Eleven people gathered at Ham Wall car park in anticipation of a good morning’s birding and as usual the Avalon Marshes did not disappoint. We started by searching the car park area for the Firecrests that had been reported and, while they failed to show, we quickly started to find a good number of species, including a big flock of Goldfinches and Siskins on the alder cones. This was the first of several finch flocks we saw during the day, but despite some careful searching through these tree top gatherings, there were no Redpolls amongst any of them.
The new Noah’s hide on Shapwick provided a comfortable stop from which to admire the many hundreds of duck on the lake. The majority were Wigeon (1500 by a recent count), but a search through the melee added Tufted, Gadwall, Mallard, Teal, Shoveler and a few smart Pintail. Two Marsh Harriers added to the excitement, causing flurries of panic in the duck ranks. The walk there and back added Raven, Jay, Reed Bunting, Bullfinch, Stonechat and a couple of Kingfisher fly-pasts and as we returned to the car parks a mixed tit flock included a Chiffchaff and several Goldcrests. Hints of a Firecrest moving with them were confirmed by some of the group as we lunched in the carpark. Switching to the Ham Wall side in the afternoon added several species we had missed in the morning, including the resident Glossy Ibis, our first (surprisingly!) Great White Egret and Snipe feeding on one of the islands.
All in all a very enjoyable few hours birding with a very good mix of species, giving a final list of 53 for the day. (Many thanks for leading Giles.) Giles Morris
A fine sunny morning with a chilly wind greeted 23 members for a walk around about two-thirds of Cheddar Reservoir perimeter and the remainder on to the levels south of the water to the river Axe and back via Axbridge. From the top of the bank we could see Tufted Duck, Coot in large numbers across the water and a Moorhen near to the bank. As we walked around the reservoir we had a clear view of the several hundred Coot along with a few Great Crested Grebe and Black-headed and Lesser Black-backed Gulls. We descended the bank to walk along a squelchy drove to the Axe. On the way to the river Axe, a Bullfinch, Great Spotted Woodpecker, Grey Heron Goldfinch, Dunnock, and Robin were seen though only in small numbers. Somewhat surprisingly no Fieldfare or Redwing appeared and there were no Little Egrets on the Axe and adjacent rhynes, although some members spotted a Buzzard, and over 20 Meadow Pipits were counted. Along the path to Axbridge a Stonechat sat in good view and a Kingfisher flashed by. Blue, Great and Coal Tits fed in the hedgerows and on feeders, a Chiffchaff was heard and two Redwings were the only thrushes we saw all morning. Back on the reservoir path Mandarin Duck and Mallard along with quite a few mixed varieties were on the water, and on the way back to the car park the adjacent woods and scrub produced Goldcrest and Long-tailed Tits giving a total of 45 species. (Many thanks to Mark for leading this walk). Mark Watson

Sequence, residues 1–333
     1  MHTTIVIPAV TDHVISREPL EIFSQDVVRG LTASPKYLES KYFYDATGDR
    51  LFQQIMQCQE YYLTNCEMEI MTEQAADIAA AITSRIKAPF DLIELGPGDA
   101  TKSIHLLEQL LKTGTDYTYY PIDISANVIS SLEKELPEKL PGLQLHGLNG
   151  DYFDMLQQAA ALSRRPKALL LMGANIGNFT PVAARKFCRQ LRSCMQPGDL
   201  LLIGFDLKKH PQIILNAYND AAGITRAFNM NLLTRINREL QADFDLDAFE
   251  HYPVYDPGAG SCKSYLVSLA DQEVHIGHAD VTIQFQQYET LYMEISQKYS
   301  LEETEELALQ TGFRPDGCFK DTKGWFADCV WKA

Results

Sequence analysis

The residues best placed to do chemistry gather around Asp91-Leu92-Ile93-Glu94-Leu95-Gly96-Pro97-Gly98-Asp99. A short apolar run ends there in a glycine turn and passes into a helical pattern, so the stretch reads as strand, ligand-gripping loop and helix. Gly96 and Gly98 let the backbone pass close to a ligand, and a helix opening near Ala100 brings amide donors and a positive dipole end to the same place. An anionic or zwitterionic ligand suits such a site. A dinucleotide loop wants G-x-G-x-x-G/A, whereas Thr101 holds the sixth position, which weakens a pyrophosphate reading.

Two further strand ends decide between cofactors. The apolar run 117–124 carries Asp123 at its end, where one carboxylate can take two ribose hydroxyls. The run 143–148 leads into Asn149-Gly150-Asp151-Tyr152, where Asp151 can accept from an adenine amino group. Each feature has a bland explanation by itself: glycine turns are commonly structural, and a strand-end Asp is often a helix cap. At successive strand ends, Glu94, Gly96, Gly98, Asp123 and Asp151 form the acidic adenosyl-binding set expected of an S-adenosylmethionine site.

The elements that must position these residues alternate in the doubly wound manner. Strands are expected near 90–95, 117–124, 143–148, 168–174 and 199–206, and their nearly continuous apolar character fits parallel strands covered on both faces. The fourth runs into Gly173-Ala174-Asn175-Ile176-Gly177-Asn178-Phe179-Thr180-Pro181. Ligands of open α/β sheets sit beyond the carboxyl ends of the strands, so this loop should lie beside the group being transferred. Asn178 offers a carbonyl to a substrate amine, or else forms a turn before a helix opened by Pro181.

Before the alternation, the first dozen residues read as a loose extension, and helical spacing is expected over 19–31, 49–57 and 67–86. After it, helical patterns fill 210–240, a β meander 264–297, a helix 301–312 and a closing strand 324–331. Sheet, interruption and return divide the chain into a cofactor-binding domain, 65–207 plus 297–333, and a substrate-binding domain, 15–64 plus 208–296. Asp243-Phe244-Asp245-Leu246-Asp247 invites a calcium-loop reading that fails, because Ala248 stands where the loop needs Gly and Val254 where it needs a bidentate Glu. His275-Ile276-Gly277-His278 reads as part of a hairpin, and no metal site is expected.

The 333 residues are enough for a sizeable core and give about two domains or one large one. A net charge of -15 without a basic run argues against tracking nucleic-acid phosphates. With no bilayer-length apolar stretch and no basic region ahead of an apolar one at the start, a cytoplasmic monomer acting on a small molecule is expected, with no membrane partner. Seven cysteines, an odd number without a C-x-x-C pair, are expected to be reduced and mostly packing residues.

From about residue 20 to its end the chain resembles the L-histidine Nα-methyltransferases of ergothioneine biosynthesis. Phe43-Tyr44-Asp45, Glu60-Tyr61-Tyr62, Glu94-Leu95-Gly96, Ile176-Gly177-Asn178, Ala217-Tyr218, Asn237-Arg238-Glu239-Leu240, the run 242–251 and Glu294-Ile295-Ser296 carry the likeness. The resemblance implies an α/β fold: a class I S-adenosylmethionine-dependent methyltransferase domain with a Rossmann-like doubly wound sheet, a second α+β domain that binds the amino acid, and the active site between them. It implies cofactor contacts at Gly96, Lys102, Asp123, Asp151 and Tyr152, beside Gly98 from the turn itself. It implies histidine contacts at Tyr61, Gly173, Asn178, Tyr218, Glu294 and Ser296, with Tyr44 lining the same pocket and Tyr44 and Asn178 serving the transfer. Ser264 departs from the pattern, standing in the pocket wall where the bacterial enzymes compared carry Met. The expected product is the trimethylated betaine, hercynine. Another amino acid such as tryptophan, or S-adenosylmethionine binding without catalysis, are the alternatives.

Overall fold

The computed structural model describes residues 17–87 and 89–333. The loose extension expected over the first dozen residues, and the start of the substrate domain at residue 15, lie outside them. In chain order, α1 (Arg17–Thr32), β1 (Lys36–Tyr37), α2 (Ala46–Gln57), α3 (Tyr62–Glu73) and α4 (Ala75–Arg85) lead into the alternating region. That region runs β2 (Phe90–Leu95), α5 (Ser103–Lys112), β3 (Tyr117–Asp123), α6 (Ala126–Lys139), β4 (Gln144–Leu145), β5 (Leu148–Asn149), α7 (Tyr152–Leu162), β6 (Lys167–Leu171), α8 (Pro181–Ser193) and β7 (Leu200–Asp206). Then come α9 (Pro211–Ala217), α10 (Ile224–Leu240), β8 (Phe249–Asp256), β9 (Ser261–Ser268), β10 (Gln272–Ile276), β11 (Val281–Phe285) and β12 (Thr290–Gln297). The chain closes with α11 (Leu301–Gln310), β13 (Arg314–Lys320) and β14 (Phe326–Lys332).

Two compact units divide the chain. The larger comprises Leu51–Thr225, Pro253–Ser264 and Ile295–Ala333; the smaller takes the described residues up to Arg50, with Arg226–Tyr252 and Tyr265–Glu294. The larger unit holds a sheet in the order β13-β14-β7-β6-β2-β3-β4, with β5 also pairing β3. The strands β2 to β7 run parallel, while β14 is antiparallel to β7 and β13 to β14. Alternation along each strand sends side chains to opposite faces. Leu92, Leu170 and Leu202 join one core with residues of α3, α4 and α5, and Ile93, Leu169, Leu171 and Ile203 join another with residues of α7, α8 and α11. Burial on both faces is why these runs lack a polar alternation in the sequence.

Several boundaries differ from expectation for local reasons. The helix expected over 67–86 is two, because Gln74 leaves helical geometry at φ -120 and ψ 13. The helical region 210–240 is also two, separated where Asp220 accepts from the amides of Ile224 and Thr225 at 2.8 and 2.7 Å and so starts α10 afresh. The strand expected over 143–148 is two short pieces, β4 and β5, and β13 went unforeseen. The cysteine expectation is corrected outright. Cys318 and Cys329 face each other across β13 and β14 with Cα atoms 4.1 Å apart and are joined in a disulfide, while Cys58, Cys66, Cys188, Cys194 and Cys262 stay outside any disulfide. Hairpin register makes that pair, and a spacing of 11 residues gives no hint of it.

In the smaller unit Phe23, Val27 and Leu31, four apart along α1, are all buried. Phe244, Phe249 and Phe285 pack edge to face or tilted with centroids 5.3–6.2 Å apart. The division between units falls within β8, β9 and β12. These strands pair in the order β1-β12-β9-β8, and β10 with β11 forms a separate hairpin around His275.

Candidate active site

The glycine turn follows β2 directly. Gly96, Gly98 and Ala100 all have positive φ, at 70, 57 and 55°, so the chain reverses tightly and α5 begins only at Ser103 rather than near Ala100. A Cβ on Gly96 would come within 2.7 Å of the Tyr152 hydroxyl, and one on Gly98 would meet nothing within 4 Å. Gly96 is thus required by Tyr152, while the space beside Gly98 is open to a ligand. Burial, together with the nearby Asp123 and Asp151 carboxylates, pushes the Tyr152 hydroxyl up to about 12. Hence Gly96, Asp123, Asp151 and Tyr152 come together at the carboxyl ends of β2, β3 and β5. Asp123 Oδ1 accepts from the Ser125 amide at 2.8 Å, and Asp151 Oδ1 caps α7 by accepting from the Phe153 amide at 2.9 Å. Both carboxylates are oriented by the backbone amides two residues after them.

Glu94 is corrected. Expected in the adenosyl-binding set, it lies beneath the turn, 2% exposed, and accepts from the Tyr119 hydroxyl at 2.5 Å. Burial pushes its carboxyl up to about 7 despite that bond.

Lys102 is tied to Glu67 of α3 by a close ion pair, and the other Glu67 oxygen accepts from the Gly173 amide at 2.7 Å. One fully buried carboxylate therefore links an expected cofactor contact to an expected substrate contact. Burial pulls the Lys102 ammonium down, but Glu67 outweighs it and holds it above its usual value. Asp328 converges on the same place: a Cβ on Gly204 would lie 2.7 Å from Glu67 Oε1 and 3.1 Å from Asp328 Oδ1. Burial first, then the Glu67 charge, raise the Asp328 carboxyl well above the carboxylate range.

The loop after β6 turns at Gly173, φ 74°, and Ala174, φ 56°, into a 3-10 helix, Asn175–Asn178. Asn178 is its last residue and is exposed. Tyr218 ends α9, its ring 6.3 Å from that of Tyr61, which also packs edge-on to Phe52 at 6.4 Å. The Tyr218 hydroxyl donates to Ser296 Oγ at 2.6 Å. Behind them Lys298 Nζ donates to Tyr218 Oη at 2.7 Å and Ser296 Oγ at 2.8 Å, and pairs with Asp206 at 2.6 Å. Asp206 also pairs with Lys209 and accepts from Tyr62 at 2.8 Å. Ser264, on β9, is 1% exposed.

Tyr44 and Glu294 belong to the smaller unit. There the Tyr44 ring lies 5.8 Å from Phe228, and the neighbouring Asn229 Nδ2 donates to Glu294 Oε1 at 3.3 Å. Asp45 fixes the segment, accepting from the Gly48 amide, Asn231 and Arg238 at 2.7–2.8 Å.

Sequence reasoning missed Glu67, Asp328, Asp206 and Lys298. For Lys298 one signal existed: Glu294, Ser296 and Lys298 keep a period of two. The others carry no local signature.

Based at Hope Cove – 20 members; weather – squally with periods of bright sunshine interspersed with showers, driven by a blustery NW wind. Species total: 90
Day 1: We started at Matford Marsh, an informal newish reserve for flood relief between main roads just south of Exeter, to look for an American Wigeon – not there; though Eurasian Wigeon, Teal, Shoveler, Black-tailed Godwit and Snipe were.
Next, Labrador Bay, a coastal farmland reserve just south of Teignmouth, for Cirl Bunting. We found abundant Linnet and Chaffinch, and Skylark and Meadow Pipit as well as up to 20 Cirl Buntings sunning on a sheltered hedgerow waiting to be fed. It was many people’s first view of these lovely birds with striped heads with olive surround, and they became the favourite ‘bird of the trip’.
Next, a sea watch on the calm seafront by Paignton Pier, finding Gannet, Shag and Great Northern Diver.
Finally, the Clennon Valley Reserve, Torbay, a modest urban-fringe reserve with woodland, stream and lake, to look for Yellow-browed Warbler. We didn’t find it, though it was there earlier and would be seen later; but we did find a Firecrest and Kingfisher.
Day 2: The early morning beach at Hope Cove had Oystercatchers, Rock Pipits and Pied Wagtails and Kestrel, Guillemots and Gannet flying close in.
Next, to South Molton Reserve, Thurlstone, a mile west of Hope Cove – a modest wetland area behind the beach and dunes, with Wigeon, Snipe, Lapwing, Black-tailed Godwits, Stonechats, and a Kingfisher balancing in the reeds. The large sea stack off the beach had Cormorant and Shag, with a Grey Heron huddled high on the sheltered side.Next, to the long flat stretch of shingle beach at Slapton Ley, where on the sea side were Shags, a diver which photographic scrutiny resolved to be a Red-throated Diver; and, surprisingly close inshore, a raft of 25 female and two male Common Scoters (Jane’s ‘birds of the trip’…) bobbing on relatively calm waters and easy to view even with bins; with a dolphin diving further out. Then, into the reserve round the Ley (lagoon) behind the beach – strikingly calmer and warmer. We saw or heard a good list of water and woodland birds including Water Rail, Great Spotted Woodpecker, Jay, Song Thrush, Redwing (one of only a handful of winter thrushes seen on the trip), Treecreeper, Cetti’s Warbler and Chiffchaff, Goldcrest and Bullfinch; with Cormorant, Tufted Duck, Little Grebe, Coots and Moorhen on the Ley.